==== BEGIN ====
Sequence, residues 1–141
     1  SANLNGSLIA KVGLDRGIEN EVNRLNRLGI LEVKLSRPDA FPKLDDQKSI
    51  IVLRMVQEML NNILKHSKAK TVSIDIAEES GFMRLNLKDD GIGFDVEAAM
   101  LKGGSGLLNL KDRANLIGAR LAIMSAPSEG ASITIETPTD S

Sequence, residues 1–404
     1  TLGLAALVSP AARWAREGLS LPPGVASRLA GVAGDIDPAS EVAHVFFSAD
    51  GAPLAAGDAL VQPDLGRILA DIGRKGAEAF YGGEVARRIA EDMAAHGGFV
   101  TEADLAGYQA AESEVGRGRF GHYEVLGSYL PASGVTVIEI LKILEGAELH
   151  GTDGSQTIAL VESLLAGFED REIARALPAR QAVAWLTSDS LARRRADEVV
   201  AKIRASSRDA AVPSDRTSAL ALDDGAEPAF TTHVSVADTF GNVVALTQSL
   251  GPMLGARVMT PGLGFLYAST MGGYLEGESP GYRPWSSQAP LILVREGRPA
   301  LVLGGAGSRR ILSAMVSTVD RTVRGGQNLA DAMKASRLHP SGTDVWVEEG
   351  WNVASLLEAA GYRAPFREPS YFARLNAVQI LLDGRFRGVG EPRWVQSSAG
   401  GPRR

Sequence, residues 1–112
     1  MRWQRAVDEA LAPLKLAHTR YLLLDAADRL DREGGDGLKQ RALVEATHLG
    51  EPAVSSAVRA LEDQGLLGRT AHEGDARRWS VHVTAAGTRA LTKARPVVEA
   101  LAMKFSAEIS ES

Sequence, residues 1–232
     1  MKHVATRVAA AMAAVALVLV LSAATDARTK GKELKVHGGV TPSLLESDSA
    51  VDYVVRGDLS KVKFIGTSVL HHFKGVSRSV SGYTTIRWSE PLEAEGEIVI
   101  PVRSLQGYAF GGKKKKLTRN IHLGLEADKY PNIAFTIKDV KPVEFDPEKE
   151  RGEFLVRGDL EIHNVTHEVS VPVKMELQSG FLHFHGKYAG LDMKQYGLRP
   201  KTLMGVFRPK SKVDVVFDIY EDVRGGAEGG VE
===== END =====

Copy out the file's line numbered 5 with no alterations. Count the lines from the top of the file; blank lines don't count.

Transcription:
Sequence, residues 1–404